Despite the partisan clamoring from Andy Biggs(hot), Frank Antenori, John Kavanagh, Proud Terri, "Captain Al" Melvin and others of their ilk, INDEPENDENT redistricting will not go away anytime soon. Not even in the next decade.
To the contrary, I believe what we are doing in Arizona will spread rapidly. California conducted a similar, voter mandated, redistricting this year, having taken the hint from Arizona's 2001 effort. In 2010, Director Jeff Reichert released Gerrymandering - The Movie. In 2011, perhaps nothing brought more national attention to the issue than Jan Brewer's failed attempt to decapitate the AIRC. It can only grow from here and spread further throughout the United States.
But I digress.
While Fink's ruling precludes legislative inter-ference and executive branch prosecution, it set forth that any Arizona citizen has standing to bring a Special Action in court to compel compliance with the Open Meeting Clause.
The Court therefore concludes that the Open Meeting Law, A.R.S. § 38-431 et seq., cannot be applied to the Independent Redistricting Commission. This leads to a second question: does the prosecutorial authority of the State extend to enforcement of the Open Meetings Clause, beyond the authority possessed by any citizen of Arizona to compel compliance by filing a special action?
The other major point (and precedent) Fink makes is to clarify that "legislative privilege" extends to the official acts (and votes) of the members of the AIRC.
...the doctrine of legislative immunity protects the official acts of the IRC and individual commissioners. The doctrine of immunity for the performance of legislative acts is one long predating statehood. See Gravel v. United States, 408 U.S. 606 (1972) (outlining its history in common law). It applies to “actions that are an integral part of the deliberative and communicative processes utilized in developing and finalizing a redistricting plan, and when necessary to prevent indirect impairment of such deliberations.” Arizona Independent Redistricting Comm. v. Fields, 206 Ariz. 130, 139 ¶ 24 (App. 2003) (internal quotation marks omitted). Contrary to the State’s argument, the choice of a consultant is a legislative, not an administrative act, even though some preliminary and follow-up work may be delegated; the allegation here is that three commissioners improperly agreed on the choice of consultant, not on the application process or the contractual compensation of their choice. See id. at 140 ¶ 29-30. The “deliberative and communicative processes” involved in choosing the consultant are therefore necessarily privileged.On Friday, shortly after first reading Fink's ruling, I engaged in a brief online chat with a friend who also has been following the AIRC. When I attempted to explain parallels I see between this situation and what the Arizona Legislature has done recently regarding the Commission, he chided me on the "but they do it too" appearance of my argument. Of course, I understand that claiming something is acceptable just because "they do it too" (whoever "they" may be) is a logical fallacy. But that's not what is going on here.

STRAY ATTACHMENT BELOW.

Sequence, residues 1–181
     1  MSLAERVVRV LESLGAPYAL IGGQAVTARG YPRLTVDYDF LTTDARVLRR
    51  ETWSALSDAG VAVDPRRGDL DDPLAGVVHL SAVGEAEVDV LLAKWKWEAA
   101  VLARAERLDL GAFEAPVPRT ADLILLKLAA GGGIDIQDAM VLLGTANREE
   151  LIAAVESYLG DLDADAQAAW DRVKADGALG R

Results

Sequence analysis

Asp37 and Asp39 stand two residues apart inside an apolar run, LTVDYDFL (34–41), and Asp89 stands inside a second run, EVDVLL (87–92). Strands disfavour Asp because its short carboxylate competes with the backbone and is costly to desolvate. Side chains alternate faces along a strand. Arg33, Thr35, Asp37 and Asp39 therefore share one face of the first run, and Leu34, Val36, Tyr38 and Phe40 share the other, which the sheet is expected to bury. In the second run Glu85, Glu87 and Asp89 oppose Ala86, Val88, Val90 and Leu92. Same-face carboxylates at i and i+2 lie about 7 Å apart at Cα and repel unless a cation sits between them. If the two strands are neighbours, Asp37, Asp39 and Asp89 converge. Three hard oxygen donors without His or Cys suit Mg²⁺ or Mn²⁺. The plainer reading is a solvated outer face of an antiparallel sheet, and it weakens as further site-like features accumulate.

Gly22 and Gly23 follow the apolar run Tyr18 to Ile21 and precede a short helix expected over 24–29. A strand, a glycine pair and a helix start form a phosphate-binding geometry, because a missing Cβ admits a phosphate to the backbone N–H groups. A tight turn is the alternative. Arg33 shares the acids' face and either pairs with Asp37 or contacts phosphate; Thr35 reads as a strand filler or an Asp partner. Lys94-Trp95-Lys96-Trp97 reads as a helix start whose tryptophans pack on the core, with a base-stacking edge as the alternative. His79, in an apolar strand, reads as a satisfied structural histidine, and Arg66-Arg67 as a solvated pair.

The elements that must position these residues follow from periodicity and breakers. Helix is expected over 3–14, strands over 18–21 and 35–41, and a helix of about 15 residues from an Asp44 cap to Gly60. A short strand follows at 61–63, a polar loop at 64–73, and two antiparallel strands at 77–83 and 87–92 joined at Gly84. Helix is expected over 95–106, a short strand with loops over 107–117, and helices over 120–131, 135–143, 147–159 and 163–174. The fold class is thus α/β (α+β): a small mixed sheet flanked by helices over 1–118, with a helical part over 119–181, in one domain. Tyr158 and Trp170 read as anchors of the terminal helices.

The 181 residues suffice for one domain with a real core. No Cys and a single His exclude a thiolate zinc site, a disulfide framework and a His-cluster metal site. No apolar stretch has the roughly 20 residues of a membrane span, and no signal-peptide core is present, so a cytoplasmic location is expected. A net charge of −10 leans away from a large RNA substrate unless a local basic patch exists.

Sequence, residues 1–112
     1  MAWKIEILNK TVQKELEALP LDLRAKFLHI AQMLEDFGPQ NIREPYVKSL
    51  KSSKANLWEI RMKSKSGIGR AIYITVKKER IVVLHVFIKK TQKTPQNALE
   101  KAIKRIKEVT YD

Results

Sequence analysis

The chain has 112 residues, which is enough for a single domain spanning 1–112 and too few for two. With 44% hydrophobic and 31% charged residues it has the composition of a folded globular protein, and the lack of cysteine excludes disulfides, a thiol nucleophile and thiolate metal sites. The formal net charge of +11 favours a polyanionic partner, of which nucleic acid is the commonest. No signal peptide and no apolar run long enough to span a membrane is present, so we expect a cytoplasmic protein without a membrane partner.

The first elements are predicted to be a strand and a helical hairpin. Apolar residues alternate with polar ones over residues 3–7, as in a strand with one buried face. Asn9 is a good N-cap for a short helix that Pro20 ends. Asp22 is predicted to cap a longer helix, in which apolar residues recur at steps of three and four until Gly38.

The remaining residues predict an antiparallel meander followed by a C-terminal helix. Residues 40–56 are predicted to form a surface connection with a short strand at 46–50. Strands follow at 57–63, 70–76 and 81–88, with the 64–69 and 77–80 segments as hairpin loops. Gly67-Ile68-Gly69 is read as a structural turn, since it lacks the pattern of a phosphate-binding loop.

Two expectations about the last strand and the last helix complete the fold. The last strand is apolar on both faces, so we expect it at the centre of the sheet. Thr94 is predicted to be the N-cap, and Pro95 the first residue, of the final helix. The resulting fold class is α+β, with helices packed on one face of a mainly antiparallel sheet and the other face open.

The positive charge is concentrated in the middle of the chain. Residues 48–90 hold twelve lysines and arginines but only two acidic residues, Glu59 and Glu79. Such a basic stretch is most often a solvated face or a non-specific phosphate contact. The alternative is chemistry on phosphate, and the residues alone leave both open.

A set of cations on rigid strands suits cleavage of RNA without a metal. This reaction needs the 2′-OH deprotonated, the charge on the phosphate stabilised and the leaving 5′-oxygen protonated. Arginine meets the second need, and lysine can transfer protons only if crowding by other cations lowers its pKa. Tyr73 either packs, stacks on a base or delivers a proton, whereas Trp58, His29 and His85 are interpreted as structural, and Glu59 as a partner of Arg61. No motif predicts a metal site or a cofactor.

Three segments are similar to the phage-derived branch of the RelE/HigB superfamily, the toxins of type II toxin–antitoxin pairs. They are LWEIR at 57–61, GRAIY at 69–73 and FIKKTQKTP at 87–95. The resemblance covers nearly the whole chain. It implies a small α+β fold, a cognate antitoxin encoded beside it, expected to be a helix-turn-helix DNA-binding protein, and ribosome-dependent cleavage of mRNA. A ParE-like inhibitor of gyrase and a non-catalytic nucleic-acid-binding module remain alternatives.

When Frank Antenori grouses about Brewer failing to honor the deal he believed she had made with the senate, we (you, me and anyone else) has every right to call attention to the hypocrisy, the vote trading (which more than one senator acknowledged took place) and the political logrolling. But we do not have the right to prosecute them in court for it.